Alfred Joseph Moran, a retired telephone union official who was active in labor organizations for four decades and was a World War II veteran, died Aug. 28 at Stella Maris Hospice of surgical complications related to an aneurysm. The former Woodlawn resident was 86.
Born in Baltimore and raised in Bolton Hill, he was a Corpus Christi Parochial School graduate. As a young man, he rode a bicycle to deliver blueprints in downtown Baltimore and sold office equipment for the Victor Adding Machine Co.
In 1940, he enlisted in the 110th Field Artillery, a division of the Maryland National Guard. After the United States entered World War II, he was assigned to North Africa and was part of the invasion of Italy. He landed at Sicily and Naples and fought in the Rome and Arno areas, as well as the Rhineland and Ardennes campaigns.
A paratrooper who made more than 50 jumps, he also ran a jumping school in Rome for military personnel. He was also a marksman and was wounded in the arm.
After the war, he joined the Chesapeake & Potomac Telephone Co., where he worked for nearly 35 years. He began as a repairman and installer, and became a systems technician.
"He was a strong union guy who grew up during the Great Depression," said his brother, William Moran of Lutherville. "He thought you couldn't accomplish anything unless you were organized."
He joined the Communications Workers of America, Local 2101, and rose to become president of the 2,500-member local. He served as president for seven years in the 1970s and worked on safety standards and retirement issues.
"He worked hard for all his members and fought a lot of grievances for them. He was a stand-up guy for all his men," said his son, Steven M. Moran of Ocean Pines. "He was a good speaker and a good father."
In the 1970s, he testified before the Maryland General Assembly to urge that telephone subscribers not be charged for requesting directory assistance or information.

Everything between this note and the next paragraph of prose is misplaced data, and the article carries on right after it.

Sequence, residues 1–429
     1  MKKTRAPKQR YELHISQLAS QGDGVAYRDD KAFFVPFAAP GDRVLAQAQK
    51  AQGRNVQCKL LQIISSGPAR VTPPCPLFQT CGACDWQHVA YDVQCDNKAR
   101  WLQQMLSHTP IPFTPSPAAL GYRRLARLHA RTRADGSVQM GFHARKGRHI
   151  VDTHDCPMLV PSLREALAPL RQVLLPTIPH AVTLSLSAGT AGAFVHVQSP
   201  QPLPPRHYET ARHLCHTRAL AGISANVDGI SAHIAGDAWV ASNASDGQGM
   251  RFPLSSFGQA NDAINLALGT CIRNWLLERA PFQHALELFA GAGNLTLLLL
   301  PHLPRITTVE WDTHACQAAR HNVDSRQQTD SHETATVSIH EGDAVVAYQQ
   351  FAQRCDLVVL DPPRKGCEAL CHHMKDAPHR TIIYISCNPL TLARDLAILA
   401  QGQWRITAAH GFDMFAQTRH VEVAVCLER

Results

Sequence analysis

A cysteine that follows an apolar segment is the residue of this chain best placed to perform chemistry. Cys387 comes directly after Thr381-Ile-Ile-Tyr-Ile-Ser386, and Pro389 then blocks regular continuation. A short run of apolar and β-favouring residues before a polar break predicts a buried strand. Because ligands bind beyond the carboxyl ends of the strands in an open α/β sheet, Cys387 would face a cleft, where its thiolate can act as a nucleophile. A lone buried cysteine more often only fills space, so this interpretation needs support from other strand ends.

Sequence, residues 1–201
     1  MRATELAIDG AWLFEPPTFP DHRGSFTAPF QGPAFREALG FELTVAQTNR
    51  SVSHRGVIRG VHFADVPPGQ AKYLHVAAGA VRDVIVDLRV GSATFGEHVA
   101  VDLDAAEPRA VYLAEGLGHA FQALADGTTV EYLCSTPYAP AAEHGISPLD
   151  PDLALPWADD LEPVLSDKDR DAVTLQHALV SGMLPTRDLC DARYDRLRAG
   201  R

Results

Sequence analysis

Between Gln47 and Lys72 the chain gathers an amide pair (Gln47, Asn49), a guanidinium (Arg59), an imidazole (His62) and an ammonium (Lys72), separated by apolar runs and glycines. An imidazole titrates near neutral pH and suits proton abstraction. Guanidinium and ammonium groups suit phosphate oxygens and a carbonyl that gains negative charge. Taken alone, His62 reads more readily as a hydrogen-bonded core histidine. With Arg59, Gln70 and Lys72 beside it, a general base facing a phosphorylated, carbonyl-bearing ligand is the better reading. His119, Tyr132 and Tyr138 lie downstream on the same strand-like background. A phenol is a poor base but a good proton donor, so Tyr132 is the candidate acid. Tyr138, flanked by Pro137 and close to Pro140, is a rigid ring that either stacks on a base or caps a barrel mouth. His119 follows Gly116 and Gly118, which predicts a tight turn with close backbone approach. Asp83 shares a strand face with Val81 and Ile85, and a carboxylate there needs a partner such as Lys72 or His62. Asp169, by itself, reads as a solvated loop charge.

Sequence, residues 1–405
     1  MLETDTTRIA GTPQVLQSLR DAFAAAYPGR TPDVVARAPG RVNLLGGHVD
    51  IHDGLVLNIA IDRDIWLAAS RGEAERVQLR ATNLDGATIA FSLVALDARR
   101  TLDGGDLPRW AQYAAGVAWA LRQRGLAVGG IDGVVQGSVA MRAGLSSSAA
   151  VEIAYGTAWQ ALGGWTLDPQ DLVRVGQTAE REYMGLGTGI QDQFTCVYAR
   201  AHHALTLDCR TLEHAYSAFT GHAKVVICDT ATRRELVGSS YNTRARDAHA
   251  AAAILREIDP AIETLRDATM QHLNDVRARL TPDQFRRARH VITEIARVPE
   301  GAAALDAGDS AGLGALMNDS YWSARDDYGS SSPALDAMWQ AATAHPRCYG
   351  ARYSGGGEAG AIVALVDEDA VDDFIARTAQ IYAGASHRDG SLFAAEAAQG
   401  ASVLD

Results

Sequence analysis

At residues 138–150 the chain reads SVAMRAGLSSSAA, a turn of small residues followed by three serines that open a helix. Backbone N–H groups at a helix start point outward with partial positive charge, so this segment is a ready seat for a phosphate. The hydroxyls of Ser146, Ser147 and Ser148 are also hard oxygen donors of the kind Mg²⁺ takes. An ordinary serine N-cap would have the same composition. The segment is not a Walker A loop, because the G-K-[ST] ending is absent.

In 1980, he resigned as his local's president and became a field coordinator for the AFL-CIO's Appalachian Council. He attended seminars at the George Meany Center for Labor Studies (now the National Labor College) and Pennsylvania State University. He was also a field coordinator for the federal Department of Labor's National on the Job Training Program.
In 1978, he led a convoy of 25 trucks to take food to striking coal miners in West Virginia.
"He loved working," said a daughter, Susan Horn of Shrewsbury, Pa. "If his eyesight hadn't given out, he would have been working until he was 85."
Mr. Moran had been a member of Baltimore County's Personnel and Salary Advisory Board and was active in the United Way of Central Maryland.
In 1986, he moved to the Eastern Shore and built a home in Berlin. After retiring, he worked at an Ocean City boardwalk arcade, the Funcade Casino.
Mr. Moran enjoyed golf and was president of the Hobnobbers Association, a group who played weekends at Hobbit's Glen in Columbia. As a young man, he ice-skated at the old Carlin's Park and was a catcher on sandlot baseball teams.
A Mass will be offered at 10 a.m. Sept. 12 at the Nativity of Our Lord Jesus Christ Roman Catholic Church, 20 E. Ridgely Road, Timonium. He had been a member of Our Lady of Perpetual Help Roman Catholic Church.
In addition to his brother, son and daughter, survivors include two other daughters, Patricia Saiia of Crownsville and Nancy Long of Towson; a sister, Eleanor Braun of Timonium; seven grandchildren; and five great-grandchildren. His wife of 62 years, the former Anne Schminki, died in 2004.